Survey of the Book of Acts-Part I (Chapters 1 through 12)
It is believed by some scholars that Luke finished the books of Acts shortly before A.D. 62. Paul's trial in Rome was in A. D. 62, and that would have seemed to be an important feature in a book that spent two-thirds of its text on Paul's life, so why wouldn't Luke mention it if the book had been written later?
The book of Acts is just that-a chronology of the things or acts that the apostles did in the early day of the church. The book begins almost seamlessly from the end of Luke's gospel to the last words of Christ upon the earth before ascending into heaven. Much of what is practiced today in the name of Christianity comes from the examples if not the direct teaching of the first century church.
There are at least two plausible ways that the book of Acts could be divided. One is to take the theme of Witness and apply it to three divisions of the book:
This division is a plausible one and could well have been applied to the present study. However, the book can also be analyzed around two of its most colorful characters, Simon Peter (Acts 1: 1 - 12: 25) and Saul (Paul) from Tarsus (13: 1 - 28: 31). For the sake of brevity, these two internet pages will approach it that way.Organization, re-organization, and rapid growth of the church.
Jesus's ascension is portrayed in the first chapter of the book of Acts. The angels who heralded his departure spoke prophetically of Jesus's second coming. A careful readying of 1: 11 along with Revelation 1: 7 and II Thessalonians 1: 6- 10 would lead most to the realization that far from Jesus living and reigning on David's throne for a thousand years on earth, Jesus very likely will never set foot on earth again. I Thessalonians 4: 13-18 further promotes the teaching that the righteous will be caught up with Jesus in the clouds and will be taken home with Him in the heavens. All of these passages make the pre-millennial hypothesis very suspect.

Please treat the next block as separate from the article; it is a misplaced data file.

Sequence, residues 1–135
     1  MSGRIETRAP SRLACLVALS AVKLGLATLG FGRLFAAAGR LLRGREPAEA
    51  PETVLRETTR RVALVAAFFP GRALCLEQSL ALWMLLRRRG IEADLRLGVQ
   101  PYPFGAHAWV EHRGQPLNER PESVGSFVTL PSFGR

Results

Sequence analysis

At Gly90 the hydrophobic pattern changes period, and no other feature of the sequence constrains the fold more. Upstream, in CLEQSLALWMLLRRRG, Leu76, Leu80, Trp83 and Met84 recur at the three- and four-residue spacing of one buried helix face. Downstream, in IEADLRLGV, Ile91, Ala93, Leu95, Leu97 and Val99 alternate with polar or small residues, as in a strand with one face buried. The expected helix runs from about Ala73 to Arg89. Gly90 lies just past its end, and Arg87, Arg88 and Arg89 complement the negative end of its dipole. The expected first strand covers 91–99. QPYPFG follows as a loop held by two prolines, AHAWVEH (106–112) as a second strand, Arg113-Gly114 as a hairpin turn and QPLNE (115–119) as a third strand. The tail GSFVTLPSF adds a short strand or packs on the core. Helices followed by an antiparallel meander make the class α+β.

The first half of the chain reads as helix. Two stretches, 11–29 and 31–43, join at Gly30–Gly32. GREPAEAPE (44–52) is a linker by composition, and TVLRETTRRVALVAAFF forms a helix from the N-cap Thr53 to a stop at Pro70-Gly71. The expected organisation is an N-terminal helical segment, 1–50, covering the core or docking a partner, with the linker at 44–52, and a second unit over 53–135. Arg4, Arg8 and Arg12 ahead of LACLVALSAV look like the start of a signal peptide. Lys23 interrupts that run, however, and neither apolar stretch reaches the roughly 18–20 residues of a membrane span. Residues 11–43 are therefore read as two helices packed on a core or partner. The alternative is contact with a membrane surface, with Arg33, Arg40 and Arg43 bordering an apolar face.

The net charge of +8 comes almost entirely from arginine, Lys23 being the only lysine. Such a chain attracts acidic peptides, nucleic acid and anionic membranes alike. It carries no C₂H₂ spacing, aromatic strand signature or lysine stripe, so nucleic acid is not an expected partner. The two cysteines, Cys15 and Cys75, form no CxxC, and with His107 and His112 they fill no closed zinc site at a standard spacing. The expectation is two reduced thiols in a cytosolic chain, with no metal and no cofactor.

The second chapter of the book of Acts sets the tone and character for the church which was established and still exists to this day. Jesus Christ is the center-piece of the teaching. Jesus Christ was re-affirmed on the day of Pentecost as the Son of God who had come to redeem man from their sins, but whom they in their ignorance and obstinance had killed. Entrance to the church, as established in Acts 2: 37-47, is controlled only by God and is accomplished when the person has heard the Gospel (Acts 2: 37), believed it (Acts 2: 37; Acts 2: 41), repented of his sins (Acts 2: 38), confessed his faith in Jesus (made more plain in Acts 8: 37), and had been baptized in the name of Jesus Christ in order to receive the remission of sins (Acts 2: 38). Members were always added by God (Acts 2: 41, 47) rather than being voted in or ordained by man.
The three-fold mission of the church was evident from the day of Pentecost onward. The church was engaged in evangelism (Acts 2: 40), edification (2: 42), and benevolence (2: 44, 45), the same three-fold mission of the church today.